There Is Value in Failing, Part II

In Part I, we looked the life lessons that come with failure. In this Part II, we’ll examine how to help our children recover when they have failed at something.

There are many ways for your child to recover from failure…once they have accepted that failure is meant to help rather than hinder them. Once they begin down the path of this belief, then they can truly recover from failure. Here are some ways to help.


#1 – Ignore the Debbie Downers

When they fail, there will be people telling them, “I told you so,” and, “You should have listened to me.” They need to ignore them! Remind your child of something that they tried that they ended up loving—like riding a bike or trying a different type of ice cream. Let them know that trying new things is a part of life, but there will always be people in the wings ready to pounce when something has gone wrong. Their challenge will be to watch for those Debbie Downers because they will be silenced by their future success!


#2 – Understand that it’s Okay to Fail

One of the best ways to recover from failure is to understand that it’s quite alright to fail, but it’s not okay to give up. Even if your child has failed and that failure was extremely painful, remind them that it’s not okay to give up. Tell them that they can keep failing over and over again if they have to. Keep on trying until they succeed. Success will taste so much sweeter when they reach it. Remember, it’s not true failure unless they throw in that proverbial towel and wholeheartedly give up forever.


#3 – Using Failure as Leverage

When your child has failed in life, teach them to use it as leverage to recover from it and to propel forward. Teach them that they leverage something by using it to help them go further, like a rope when they are mountain climbing! To help them leverage their failures, have them journal the experience.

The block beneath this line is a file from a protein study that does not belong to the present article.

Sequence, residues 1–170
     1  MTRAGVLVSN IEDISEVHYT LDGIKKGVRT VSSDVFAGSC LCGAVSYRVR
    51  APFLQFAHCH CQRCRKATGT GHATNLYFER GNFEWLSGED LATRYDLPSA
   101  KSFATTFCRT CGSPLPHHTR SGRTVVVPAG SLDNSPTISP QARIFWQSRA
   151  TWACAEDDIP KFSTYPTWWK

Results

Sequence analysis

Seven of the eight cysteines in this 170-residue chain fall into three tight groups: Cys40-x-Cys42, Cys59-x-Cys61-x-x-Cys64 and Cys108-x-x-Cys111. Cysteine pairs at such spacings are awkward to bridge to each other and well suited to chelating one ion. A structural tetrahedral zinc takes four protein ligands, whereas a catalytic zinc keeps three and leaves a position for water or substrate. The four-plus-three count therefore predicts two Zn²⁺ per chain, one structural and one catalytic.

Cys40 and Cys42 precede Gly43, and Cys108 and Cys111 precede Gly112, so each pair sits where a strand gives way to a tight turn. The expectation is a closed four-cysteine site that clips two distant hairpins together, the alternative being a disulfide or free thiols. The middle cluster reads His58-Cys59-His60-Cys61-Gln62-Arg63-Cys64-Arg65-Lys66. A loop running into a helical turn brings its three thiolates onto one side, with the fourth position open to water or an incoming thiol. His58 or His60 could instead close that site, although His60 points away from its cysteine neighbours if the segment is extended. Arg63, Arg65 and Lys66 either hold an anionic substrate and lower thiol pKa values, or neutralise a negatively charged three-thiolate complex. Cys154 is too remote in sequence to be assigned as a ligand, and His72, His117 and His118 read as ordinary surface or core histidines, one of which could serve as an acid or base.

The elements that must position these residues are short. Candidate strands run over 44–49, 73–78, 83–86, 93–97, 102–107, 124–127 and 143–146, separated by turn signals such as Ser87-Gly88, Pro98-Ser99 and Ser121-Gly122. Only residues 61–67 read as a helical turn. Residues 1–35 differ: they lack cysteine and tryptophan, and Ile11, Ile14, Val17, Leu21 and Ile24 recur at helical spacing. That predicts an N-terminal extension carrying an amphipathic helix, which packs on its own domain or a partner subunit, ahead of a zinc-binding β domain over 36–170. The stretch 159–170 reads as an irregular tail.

• Write out what they failed at and why they failed.
  • Did they have a defined goal?
  • What could they have done differently?
  • How will they tackle those failures in the future when they are faced with them again?
  • How will they learn from this experience to help shape a brighter future?

Failure can be a great a tool to help them grow. It isn’t the end of the road as long as they don’t give up. If they still believe in their goals, they can use the failure as leverage to push past their limitations.


#4 – Revisit Your Goals

In general, one huge thing to consider after a big disappointment is whether you had a clear and concrete goal. Ask your child, “Was the goal SMART (Specific, Measurable, Achievable, Results-focused, and Time-bound)? Did you visualize your goal in your mind?” Sometimes, failure results from not setting good goals, or by not tracking and analyzing them on a monthly, weekly, or daily basis. To recover from failure, help them revisit their goals and redefine them.


#5 – Create a MAP

Want to recover from failure? Create a MAP – a Massive Action Plan. Take their goals and help them lay out a plan as to how they are going to achieve them. What will they do in the face of failure next time? When children have a MAP, they have a systematic way of achieving the goals that they set for themselves. Help them learn to set a solid action plan that will help them push past the stumbling blocks of life, and watch as they slowly but surely recover from any setbacks, upsets, or failures.


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